“The tragic thing is professors at universities have got to get money for their research,” said Eliasmith.

As a result, Eliasmith said professors’ research is going to be short-term focused and driven by industrial interests.

Digvir Jayas, vice-president (research) for the University of Manitoba, believes any distinction between basic and applied research is artificial.
The two types of research cycle into onto another, said Jayas, and funding one inevitably means funding the other.

“Basic research leads to applications, but when you are applying [research] that generates other basic questions. They feed each other in both directions.”
“Anybody who does research does it with purpose in mind,” he continued. “So, theoretically, you can say all research is applied.”

The difference, he said, is whether is applied the next year or in many years from now.

“Eventually anything you do would be used for the benefit of society.”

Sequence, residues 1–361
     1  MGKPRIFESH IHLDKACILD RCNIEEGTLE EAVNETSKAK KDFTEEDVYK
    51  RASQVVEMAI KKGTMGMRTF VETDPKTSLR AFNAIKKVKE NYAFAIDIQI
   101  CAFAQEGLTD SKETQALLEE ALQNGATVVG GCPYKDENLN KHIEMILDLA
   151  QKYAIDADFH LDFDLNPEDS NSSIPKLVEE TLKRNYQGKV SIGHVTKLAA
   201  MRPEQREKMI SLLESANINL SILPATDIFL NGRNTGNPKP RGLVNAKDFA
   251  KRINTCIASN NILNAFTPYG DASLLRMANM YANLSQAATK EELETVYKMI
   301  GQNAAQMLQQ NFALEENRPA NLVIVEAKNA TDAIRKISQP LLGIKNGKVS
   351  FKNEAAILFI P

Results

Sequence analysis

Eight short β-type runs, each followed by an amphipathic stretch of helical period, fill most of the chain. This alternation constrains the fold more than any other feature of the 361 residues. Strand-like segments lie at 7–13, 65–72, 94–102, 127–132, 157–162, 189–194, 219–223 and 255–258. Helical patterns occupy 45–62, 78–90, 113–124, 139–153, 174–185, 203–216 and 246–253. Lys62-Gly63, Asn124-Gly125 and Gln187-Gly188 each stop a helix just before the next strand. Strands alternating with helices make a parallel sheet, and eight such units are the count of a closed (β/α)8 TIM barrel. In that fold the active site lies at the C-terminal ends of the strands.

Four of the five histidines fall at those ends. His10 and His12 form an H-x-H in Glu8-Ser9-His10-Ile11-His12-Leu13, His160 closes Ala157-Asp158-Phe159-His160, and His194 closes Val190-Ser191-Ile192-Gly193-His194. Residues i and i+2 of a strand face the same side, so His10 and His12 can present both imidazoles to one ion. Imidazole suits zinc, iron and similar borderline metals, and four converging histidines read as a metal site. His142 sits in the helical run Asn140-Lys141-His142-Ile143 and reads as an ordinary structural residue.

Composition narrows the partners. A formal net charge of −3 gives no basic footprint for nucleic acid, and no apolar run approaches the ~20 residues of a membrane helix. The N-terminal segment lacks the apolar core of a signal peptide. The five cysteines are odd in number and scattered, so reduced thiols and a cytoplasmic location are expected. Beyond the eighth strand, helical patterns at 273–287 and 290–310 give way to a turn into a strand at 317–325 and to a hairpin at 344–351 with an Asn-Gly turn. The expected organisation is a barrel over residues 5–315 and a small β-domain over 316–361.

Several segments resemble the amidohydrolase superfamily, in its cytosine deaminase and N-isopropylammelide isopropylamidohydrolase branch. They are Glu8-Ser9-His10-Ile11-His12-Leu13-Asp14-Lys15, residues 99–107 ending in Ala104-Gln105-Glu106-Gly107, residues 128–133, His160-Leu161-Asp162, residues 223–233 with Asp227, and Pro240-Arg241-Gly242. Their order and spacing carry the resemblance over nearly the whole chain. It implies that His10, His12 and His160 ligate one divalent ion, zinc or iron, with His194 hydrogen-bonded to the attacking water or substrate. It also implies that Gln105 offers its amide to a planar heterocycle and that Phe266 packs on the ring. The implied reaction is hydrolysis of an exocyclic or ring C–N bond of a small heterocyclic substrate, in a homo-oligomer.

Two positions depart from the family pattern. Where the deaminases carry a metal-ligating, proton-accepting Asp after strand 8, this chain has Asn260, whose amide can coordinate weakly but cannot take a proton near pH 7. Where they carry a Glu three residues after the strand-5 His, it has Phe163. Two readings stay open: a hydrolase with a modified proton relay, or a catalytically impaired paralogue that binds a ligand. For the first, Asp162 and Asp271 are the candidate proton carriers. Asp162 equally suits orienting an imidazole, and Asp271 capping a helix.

Kimalee Phillip, Canadian Federation of Students graduate students’ representative, said students will be negatively affected by what she called the “commercialization agenda.”

“Within this commercialization agenda, [ . . . ] students are going where the funding is,” Phillip said. “What that does is limit our freedom, because instead of engaging in critical research that is necessary and important, we are basing our research paradigms on a funding model that is not healthy.”

Eliasmith believes this shift is going to make graduate studies less interesting.
“The reason I went into graduate research was to try to discover something nobody knew before, or look for the exciting cutting edge problem that was incredibly challenging.”

He compared a graduate student conducting industry-driven research to an undergrad student working toward their degree.

“Often undergraduate degrees are the kinds of things you get in order to guarantee that you can get a job in a particular industry doing something. [This shift] is going to turn graduate research into something like that, which I think is unfortunate.”

From the October 2011 Gradzette